Overall, I think I am doing one thing with all my writing: trying to communicate, trying to tell my story. And then I am quite sad, if someone gets angry because of my communication (it happens). But, now I can deal with it (therapy and friends, meditation and yoga).
Different forms excite me. The mystery between form and plot, excites me: that thing, that you don't know how it happens, that work is becoming real.
I think that people of the world are quite brave, that they wake up every day, live, do their work, help, survive, taking in consideration that, they don't know anything about the next moment and possibility that every moment could be their last. I think my energy comes from this admiration, sometimes.
AK: I think that comes across really powerfully in your poems, especially in ‘For Grandma’ and ‘Over the Border’.
I think, that in my poetry there is more ‘my voice’ or ‘one voice’ speaking. Although, starting from collection ‘Fog’ there are some poems – like ‘Bus No.3’, where are several voices already. In prose, I want to have that ‘polyphony’ that is in Dostoyevsky’s works, that in some mysterious way, the heroes are starting their own life and work forms in this polyphony of voices, of which the author's is only one.
AK: What's the relationship you have with the form of your poems? Does that change when the poems are translated?
Personally – I am not often conscious of working with form or other constraints, though of course I am using form all the time. But I read something the poet DA Powell said in an interview ‘If we have no other constraints, we have the constraint of time. And the constraint of attention is right behind that.’ And it made me think about how we come to write might affect form. I know you have many demands on your time, so I'm interested to know how you write, what it feels like for you to be writing and whether the time you have to spend on poetry has altered the form of your poems?
IG: I am afraid to read my translated poems because I would have to ‘fight’ the translator or ‘just leave’ it, and then there will be some small pain in me. There have been very good collaborations – like with Alyse Conran, who translated ‘For Grandma’. It was quite a good collaboration with Ryan Van Winkle, as well. And of course I like what came out from out cooperation with Ieva Lešinska too. But still, poems in translation lose me. Okay, this sounds very narcissistic, but it's the end of week and I am tired (it's my oldest’s birthday and the youngest is going to bathe. Everyone is quite nervous, maybe happy nervous, but still). But I am really happy, that poems are translated. I think that you always have to compromise between losing form or plot of the poem. And usually with my poems they tend to have a loose form, because translated poems are somehow with ‘important’ messages. Maybe important. We could never know, but maybe. And then I am a bit sad, if I am reading them in English, because they have lost something important, like blood (translators, please, I am exaggerating, because I am tired). BUT sometimes they have gained some new blood and new life. Maybe translation is like blood transfusion. Something like that. And then I have to re-introduce myself to my poem. And at the end of the day, I am happy. It's like with children and letting them go, I guess. It's not very pleasant process, but at the end it makes you fulfilled.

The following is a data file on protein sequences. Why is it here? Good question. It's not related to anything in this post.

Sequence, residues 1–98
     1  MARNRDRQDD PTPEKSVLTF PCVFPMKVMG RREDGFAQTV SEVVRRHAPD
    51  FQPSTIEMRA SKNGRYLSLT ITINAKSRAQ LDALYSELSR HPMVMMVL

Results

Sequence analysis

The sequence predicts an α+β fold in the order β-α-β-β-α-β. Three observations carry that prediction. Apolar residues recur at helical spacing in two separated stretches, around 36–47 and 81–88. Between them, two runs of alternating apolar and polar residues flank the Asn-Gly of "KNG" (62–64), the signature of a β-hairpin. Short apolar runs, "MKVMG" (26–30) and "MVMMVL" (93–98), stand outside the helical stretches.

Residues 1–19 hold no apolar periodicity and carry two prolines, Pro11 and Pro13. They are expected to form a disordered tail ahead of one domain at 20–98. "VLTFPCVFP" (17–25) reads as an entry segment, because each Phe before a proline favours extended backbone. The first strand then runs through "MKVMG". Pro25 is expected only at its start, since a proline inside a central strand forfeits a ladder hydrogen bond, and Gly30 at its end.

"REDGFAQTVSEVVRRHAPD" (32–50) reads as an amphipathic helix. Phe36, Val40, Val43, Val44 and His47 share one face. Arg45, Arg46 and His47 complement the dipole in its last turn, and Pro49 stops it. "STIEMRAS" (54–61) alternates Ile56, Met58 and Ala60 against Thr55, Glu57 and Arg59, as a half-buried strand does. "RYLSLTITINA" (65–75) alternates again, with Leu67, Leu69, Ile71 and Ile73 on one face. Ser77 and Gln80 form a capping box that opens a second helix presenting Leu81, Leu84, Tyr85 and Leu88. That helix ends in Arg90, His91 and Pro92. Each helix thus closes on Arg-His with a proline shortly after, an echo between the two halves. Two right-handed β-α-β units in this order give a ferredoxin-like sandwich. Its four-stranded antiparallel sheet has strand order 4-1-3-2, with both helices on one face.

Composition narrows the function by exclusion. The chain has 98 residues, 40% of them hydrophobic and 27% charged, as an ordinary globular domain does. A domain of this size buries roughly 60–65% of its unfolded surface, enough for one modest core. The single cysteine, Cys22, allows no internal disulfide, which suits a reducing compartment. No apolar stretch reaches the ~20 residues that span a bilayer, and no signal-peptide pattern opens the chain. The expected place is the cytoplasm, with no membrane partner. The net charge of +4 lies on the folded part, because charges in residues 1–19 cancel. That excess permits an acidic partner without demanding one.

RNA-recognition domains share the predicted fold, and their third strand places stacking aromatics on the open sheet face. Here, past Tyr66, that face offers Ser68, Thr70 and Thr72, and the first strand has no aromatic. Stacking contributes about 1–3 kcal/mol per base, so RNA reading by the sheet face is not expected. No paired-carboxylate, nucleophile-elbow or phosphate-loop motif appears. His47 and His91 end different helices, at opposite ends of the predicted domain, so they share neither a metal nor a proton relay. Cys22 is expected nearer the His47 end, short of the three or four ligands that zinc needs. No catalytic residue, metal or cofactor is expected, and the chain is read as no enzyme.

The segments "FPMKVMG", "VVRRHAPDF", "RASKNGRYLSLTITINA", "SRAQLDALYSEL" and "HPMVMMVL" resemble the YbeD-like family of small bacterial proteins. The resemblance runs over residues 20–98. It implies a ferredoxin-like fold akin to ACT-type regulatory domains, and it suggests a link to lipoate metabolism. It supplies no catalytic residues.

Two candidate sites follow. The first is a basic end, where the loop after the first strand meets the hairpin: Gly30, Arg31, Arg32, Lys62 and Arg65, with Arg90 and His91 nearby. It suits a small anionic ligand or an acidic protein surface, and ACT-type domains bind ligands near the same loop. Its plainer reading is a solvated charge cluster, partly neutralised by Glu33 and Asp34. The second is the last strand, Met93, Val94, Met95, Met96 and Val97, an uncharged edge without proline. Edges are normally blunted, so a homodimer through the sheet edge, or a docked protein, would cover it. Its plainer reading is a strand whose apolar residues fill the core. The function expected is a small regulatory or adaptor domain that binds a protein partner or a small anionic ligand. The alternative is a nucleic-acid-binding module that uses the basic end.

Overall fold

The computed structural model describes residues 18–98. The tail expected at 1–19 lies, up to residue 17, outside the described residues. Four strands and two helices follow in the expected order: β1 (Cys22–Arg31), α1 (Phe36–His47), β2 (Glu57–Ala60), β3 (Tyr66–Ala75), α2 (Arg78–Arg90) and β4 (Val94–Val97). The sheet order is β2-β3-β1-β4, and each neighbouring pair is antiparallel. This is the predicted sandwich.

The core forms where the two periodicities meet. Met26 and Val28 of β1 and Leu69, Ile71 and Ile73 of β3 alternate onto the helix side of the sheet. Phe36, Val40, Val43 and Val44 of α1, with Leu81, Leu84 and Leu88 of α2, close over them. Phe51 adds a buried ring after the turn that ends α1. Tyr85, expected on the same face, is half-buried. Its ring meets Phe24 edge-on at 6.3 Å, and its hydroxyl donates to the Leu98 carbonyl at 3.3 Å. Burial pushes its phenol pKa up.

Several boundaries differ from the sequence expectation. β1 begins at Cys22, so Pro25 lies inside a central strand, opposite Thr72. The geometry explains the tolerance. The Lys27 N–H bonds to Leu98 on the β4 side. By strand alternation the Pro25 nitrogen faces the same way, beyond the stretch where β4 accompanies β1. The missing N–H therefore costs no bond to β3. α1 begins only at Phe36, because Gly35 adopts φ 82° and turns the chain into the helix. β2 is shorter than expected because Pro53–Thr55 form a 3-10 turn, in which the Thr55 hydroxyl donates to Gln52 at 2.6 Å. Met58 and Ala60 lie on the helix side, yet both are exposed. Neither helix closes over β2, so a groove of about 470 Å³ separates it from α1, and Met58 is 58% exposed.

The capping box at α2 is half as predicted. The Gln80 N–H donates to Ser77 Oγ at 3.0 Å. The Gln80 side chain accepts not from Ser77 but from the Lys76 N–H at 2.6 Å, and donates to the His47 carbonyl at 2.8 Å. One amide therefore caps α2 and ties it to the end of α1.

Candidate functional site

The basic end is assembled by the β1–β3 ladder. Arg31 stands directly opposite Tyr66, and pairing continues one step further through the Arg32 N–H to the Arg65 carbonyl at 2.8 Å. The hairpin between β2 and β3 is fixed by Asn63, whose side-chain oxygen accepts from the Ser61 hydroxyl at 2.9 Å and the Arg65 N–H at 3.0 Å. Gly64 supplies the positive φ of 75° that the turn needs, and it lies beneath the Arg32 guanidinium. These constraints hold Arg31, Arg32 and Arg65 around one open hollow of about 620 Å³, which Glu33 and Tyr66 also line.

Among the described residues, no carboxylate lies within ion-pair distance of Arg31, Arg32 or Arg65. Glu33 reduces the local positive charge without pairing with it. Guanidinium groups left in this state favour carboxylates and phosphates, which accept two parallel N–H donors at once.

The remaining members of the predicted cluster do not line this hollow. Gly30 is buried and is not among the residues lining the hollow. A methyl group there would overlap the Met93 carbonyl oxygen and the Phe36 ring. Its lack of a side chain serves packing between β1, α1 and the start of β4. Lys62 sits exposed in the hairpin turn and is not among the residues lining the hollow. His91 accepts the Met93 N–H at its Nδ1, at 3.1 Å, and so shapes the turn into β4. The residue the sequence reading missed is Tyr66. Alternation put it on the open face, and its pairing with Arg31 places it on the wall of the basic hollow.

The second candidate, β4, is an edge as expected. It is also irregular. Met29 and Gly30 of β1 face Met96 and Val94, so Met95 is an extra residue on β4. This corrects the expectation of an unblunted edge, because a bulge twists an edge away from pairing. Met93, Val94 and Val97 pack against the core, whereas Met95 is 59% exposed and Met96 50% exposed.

I have not written much poetry recently, because I have to finish my novel. But when I write, I write over a short and intensive period of time. I write different short notes and ideas in my notebook. I want to write one poem about fat lady (me) sitting in the chair. I've got the first line of the poem around half a year ago:) I write schemes and make drawings for my novel. When I wrote my first novel Stikli (glass shards) I had big papers on the wall with names of heroes and different lines, how they entangle and some basic words, what are they and what they are doing. My second daughter had just been born, and then was my divorce and I understood that I wouldn’t have enough time, so I decided that with the tables and papers living around me, the novel’s characters would push themselves upon me (in some way, something like in this shady ‘secret’ business.)
I think I write what is exciting for me. Maybe, I am quite hedonistic and write what is interesting for me. Or what has hurt me: like with ‘Bus No.3’ I got really anxious seeing this pregnant girl standing on the bus and people were like: ok, don't even look at me, because we all are tired and we can't let you sit down, because we too have a fucking hard life.
AK: I really love this idea of translation as a kind of ‘blood transfusion’. Is there something of the blood transfusion in poetry too?
IG: I think about poetry like breathing. You have to allow yourself to breathe, not be afraid to breathe, and start to breathe consciously. I think that translating is a ‘blood transfusion’ for me, because there is the moment (subconsciously), when I am quite unhappy that the poem is translated, it has somehow torn away from me. But then, the next conscious thought is joy, that another person has understood it and it somehow starts to live again, it gets new life. And breathes it with the translator’s breath. I guess So, actually I am very thankful to all translators.
Amy Key’s second book-length collection, Isn’t Forever, a Poetry Book Society Wild Card Choice, was published by Bloodaxe in June 2018. From Spring 2018 – Spring 2019 she is joint poet in residence, alongside Rebecca Perry, at Halsway Manor, the National Centre for Folk Arts.
Inga Gaile is a playwright, novelist, and poet with four adult collections and one for children. She has translated Russian poets into Latvian and participates in the women’s ‘Stand Up’ movement.